In the summer of 1778, the British held most of the Windward Islands and had two powerful fleets defending the region (under Admirals Hood and Barrington). Of course the allies had powerful fleets in the region as well and the British lost St. Vincent to a combined Franco-American force on June 19, 1778 but they repulsed a French force from taking Barbados in July. Furthermore, Rockingham authorized a bold strike in the Caribbean where the allies would least suspect it. In November of 1778, a third fleet assembled at Nassau under Admiral Sir Richard Howe, the 1st Earl Howe (brother of William Howe who had just surrendered New York) and departed for the Caribbean. Poor French intelligence believed this force was set to attack Puerto Rico and sweep the Leeward Islands while the combined fleet of Hood and Barrington would sweep north. This would confine the Americans, French and Spanish to the western Caribbean while securing everything from San Juan to Port-of-Spain for the Admiralty. This was not a bad estimate and indeed Rockingham had listened to that very proposal from the Admiralty before selecting something more…unorthodox.

On November 21, 1778 Howe’s fleet defeated a hastily prepared Spanish fleet at the Battle of Las Galeras, just off the northeast coast of Hispaniola [1]. Their direction appeared to be towards Puerto Rico. Instead, on December 1, the Spanish defenders of Santo Domingo  were caught off-guard when the Royal Navy descended on the ancient port and took it for themselves. The capture of the strategic city opened a new theater in the Caribbean and confused control of the seas even more. It allowed the British a tenuous link between Britain, Bermuda, occupied-Nassau and the occupied Windward islands. To the allies, it quickly became clear that the British were fighting for an uti possidetis cease fire [2]This reality ensured the war would last longer than necessary as France and Spain saw Britain fighting a traditional war of hegemony while the United States refused to begin its existence abandoning sister-states. This also ensured more island hopping campaigns and a renewed allied push into the Carolinas and Georgia. This ran contrary to Rockingham’s thinking as seen in correspondence to his Secretary of State William Petty, the 2nd Earl of Shelburne:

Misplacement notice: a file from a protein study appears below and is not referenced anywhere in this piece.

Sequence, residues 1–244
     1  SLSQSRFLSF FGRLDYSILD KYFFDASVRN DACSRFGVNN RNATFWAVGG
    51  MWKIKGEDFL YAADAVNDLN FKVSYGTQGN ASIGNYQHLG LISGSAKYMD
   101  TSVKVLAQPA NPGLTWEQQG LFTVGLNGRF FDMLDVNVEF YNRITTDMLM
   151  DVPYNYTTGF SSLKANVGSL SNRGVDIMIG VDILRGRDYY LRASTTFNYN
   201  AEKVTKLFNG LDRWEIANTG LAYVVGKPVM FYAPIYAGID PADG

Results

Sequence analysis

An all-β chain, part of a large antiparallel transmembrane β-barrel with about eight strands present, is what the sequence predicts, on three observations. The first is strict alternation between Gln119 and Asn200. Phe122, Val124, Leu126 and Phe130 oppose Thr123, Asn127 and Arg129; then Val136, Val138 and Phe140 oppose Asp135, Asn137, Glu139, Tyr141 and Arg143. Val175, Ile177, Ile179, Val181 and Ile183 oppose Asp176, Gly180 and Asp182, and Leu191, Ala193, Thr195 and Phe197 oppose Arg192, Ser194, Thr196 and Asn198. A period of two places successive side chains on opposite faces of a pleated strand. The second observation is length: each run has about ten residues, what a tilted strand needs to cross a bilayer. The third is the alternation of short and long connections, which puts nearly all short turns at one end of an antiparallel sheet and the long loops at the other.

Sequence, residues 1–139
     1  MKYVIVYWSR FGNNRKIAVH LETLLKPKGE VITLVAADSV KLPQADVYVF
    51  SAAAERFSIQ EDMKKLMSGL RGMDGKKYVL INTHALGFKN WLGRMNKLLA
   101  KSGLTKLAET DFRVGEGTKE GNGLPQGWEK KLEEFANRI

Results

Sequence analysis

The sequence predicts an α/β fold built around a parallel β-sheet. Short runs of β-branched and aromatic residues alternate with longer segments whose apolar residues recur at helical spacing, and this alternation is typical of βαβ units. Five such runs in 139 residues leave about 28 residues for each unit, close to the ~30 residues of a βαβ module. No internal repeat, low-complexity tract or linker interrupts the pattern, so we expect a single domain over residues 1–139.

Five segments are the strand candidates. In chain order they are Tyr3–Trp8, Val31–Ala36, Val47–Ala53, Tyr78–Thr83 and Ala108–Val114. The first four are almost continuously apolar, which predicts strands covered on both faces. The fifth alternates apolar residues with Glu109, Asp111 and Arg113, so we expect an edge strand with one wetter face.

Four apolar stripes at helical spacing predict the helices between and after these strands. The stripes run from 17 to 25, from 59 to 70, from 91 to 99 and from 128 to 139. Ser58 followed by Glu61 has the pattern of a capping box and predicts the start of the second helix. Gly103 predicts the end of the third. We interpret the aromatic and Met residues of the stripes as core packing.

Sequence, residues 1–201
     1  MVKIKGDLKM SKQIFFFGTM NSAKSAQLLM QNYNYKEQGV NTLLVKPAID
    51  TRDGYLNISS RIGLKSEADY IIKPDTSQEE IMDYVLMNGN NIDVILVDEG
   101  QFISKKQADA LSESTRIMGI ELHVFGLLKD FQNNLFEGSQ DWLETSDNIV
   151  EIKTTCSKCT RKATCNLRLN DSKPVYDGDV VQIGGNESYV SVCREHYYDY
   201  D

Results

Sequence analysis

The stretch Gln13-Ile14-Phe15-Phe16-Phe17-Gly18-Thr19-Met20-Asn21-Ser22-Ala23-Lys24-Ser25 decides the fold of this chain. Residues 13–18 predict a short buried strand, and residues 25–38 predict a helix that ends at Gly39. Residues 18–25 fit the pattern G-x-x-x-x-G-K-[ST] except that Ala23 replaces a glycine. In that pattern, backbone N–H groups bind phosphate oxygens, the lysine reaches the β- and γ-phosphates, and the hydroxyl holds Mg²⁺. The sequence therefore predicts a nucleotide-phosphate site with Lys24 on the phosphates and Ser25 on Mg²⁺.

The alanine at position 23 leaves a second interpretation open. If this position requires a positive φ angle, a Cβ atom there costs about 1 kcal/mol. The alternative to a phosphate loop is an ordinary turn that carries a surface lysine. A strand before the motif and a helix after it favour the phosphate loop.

“The colonials are not as unified as they seem. If the Congress can secure peace and independence at the expense of a handful of [Caribbean] islands they will seize it without hesitation. That the islands even joined in the first place is a mystery and a lucky accident to the rebels. This war was always about the mainland and Canada, they would cede the whole Caribbean if it achieved the original purpose of their Declaration.” 

Rockingham would have been wise to remember that it was the delegation from Jamaica that initially proposed a formal declaration of independence in the first place.